DEQ staff have been involved in PFAS-related meetings with other states and our federal partners for some time and have been actively preparing for EPA's new PFAS rule. DEQ staff are reviewing the information released by EPA this morning and working to determine the impact it will have on Oklahoma's drinking water systems.

Recent water issues in southwest Oklahoma.

Although there is hope, and dedicated federal funding, on the horizon for the quality of Oklahoma's tap water, local Oklahomans are presently dealing with issues, and possible future issues, of the quality of their water.

In Lawton, Oklahoma, locals have been worried about two issues that are impacting and could impact the area's drinking water. During a Comanche Nation meeting on April 8, tribal members addressed concerns about illegal dumping in East Cache Creak by the City of Lawton.

@hpollie 📣📣📣📣 Share this please! My specific tribe isn't huge and this is affecting a large population of my tribe. 📣📣📣📣 #comanche #comanchetribe #dirtywater #dirty #water #dumping #nativeland #native #nativetiktok #nativeamerican #lawtonoklahoma #lawton #viral #viraltiktok #viraltribe #tribal #poison ♬ original sound - hpollie

After receiving several complaints, Oklahoma DEQ began looking into the matter, and on April 18, the department issued a "notice of violation," which confirms that the City of Lawton is dumping sewage from its wastewater treatment plant into the creek, but Oklahoma DEQ did point out that it is not raw sewage but partially treated, although, it was not as safe as the City of Lawton led its citizens to believe. According to an article from KFOR, the City of Lawton blames an "unexpected equipment failure," but are "committed to fixing the problem."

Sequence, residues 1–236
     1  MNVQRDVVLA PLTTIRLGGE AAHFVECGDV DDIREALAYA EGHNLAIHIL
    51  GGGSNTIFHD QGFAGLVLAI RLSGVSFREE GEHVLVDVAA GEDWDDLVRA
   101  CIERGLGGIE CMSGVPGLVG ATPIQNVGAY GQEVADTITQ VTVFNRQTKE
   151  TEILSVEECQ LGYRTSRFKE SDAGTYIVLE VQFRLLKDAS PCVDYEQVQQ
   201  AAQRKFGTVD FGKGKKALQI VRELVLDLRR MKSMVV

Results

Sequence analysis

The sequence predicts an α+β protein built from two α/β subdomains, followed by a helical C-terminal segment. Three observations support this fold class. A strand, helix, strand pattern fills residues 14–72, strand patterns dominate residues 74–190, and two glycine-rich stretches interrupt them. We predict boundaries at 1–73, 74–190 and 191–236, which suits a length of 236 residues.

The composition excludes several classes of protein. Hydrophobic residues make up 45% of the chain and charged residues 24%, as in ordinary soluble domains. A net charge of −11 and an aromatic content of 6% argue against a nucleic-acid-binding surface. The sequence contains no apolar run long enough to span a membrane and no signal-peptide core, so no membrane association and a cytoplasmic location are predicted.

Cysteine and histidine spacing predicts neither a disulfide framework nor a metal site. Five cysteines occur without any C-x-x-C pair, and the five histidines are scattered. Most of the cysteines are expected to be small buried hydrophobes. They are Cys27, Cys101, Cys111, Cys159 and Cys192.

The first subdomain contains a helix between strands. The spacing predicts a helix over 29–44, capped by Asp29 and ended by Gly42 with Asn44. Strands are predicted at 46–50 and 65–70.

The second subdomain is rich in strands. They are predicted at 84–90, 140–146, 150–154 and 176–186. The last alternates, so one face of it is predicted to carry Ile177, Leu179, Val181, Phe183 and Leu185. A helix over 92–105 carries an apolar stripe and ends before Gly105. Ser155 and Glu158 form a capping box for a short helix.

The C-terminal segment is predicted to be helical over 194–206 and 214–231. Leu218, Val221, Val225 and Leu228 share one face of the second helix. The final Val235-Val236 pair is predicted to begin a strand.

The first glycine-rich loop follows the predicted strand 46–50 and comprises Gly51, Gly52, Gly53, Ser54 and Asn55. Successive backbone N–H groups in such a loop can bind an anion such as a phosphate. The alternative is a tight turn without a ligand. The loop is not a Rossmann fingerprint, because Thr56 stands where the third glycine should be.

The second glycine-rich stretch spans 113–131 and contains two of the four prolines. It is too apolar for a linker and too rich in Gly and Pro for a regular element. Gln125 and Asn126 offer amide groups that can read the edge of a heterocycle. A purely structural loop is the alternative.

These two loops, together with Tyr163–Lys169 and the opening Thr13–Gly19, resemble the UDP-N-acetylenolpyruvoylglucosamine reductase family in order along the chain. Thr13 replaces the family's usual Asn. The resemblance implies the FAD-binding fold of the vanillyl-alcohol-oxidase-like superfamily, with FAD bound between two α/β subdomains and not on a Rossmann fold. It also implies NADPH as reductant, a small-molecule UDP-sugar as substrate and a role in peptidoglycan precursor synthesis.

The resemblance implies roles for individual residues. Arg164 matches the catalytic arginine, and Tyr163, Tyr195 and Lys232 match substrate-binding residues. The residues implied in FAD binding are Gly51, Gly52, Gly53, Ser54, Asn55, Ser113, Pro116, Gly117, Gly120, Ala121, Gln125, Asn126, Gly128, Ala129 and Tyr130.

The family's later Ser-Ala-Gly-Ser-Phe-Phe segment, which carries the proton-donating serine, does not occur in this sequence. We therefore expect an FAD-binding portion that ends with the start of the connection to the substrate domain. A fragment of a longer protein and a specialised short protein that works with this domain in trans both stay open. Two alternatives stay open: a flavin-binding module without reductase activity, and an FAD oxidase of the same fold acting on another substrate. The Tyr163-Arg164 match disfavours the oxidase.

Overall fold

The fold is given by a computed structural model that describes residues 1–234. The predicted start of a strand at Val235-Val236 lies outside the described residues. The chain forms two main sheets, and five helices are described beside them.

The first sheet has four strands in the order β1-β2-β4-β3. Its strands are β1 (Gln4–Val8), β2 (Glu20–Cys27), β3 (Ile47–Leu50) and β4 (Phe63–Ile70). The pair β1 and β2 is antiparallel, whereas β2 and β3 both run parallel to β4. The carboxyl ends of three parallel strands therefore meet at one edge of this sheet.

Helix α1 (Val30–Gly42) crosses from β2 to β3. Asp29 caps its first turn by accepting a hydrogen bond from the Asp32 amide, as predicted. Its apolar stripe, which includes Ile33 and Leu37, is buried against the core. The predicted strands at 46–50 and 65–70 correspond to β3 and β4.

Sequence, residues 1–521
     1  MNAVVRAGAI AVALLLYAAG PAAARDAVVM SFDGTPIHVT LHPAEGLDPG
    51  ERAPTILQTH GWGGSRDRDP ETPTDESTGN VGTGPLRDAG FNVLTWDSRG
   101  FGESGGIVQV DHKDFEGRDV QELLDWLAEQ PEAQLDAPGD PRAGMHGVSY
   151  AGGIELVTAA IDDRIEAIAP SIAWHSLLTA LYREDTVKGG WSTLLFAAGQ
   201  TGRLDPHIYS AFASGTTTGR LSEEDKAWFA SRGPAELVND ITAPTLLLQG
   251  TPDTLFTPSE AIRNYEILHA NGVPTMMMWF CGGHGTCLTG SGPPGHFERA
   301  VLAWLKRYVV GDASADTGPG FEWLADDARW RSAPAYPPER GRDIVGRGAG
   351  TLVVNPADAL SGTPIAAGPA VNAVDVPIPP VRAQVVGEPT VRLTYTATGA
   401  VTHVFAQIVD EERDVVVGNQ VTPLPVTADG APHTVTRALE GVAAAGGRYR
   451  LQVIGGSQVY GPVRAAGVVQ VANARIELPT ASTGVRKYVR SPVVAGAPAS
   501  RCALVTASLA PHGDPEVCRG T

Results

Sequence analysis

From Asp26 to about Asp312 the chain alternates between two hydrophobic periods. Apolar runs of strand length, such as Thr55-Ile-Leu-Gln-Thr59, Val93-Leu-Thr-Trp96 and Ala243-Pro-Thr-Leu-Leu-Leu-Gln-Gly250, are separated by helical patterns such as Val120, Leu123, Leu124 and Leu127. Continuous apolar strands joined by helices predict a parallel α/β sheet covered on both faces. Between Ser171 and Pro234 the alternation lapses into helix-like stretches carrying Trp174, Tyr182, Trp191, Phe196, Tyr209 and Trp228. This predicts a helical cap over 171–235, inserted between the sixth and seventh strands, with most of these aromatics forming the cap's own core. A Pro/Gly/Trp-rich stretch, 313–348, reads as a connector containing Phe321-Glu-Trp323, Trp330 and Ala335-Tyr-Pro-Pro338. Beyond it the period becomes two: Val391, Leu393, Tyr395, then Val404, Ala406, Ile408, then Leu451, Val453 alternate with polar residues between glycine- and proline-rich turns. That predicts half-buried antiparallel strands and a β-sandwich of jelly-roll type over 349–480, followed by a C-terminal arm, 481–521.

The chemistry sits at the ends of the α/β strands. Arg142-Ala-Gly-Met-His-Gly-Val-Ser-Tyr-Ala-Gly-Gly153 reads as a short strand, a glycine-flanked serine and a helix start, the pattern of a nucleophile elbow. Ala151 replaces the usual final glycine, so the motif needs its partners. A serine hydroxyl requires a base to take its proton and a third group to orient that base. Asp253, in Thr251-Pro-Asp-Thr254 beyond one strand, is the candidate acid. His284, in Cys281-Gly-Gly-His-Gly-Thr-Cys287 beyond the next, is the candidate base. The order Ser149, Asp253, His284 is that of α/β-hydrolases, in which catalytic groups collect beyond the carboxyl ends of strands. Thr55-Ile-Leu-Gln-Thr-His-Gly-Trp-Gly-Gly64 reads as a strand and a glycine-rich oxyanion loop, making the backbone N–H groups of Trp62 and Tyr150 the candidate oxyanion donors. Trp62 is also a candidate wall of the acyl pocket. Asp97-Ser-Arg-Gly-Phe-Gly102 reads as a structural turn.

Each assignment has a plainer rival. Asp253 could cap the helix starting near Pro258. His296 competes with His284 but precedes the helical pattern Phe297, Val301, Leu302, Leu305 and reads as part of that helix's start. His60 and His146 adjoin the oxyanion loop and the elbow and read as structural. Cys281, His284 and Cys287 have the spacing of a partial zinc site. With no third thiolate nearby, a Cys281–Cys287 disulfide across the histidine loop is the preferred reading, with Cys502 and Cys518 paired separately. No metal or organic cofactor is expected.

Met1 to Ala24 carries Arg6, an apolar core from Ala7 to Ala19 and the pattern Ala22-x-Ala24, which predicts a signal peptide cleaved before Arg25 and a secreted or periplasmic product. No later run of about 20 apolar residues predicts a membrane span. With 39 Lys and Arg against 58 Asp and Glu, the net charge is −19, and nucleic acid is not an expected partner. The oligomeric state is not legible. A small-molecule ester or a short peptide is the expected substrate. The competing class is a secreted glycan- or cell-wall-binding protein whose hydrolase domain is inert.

As for the future of the water quality in Lawton, Oklahoma, residents are also concerned about the installation of a cobalt refinery from Westin Elements. Most residents have been vocal about not wanting the refinery in the area and are concerned about the future of the area's tap water. On April 23, Westin Elements presented its community impact report to the Lawton City Council. Residents showed up to speak about their opposition to the refinery and council had to cut the seven-hour meeting short.




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Despite efforts to assure Oklahoma tap water is safe, citizens are still concerned.

With the finding of PFAS and recent violations, it's no wonder Oklahomans have immense trust issues with the quality of their drinking water. Plus, there are future plans that could possibly further impact the quality of Oklahoma's tap water, which includes current and future infrastructure.

If the necessary updates aren't made to Oklahoma's aging water treatment plants and if outside infrastructure is allowed to move in near water, the future of Oklahoma's "fresh" tap water could pose more threats than it does today.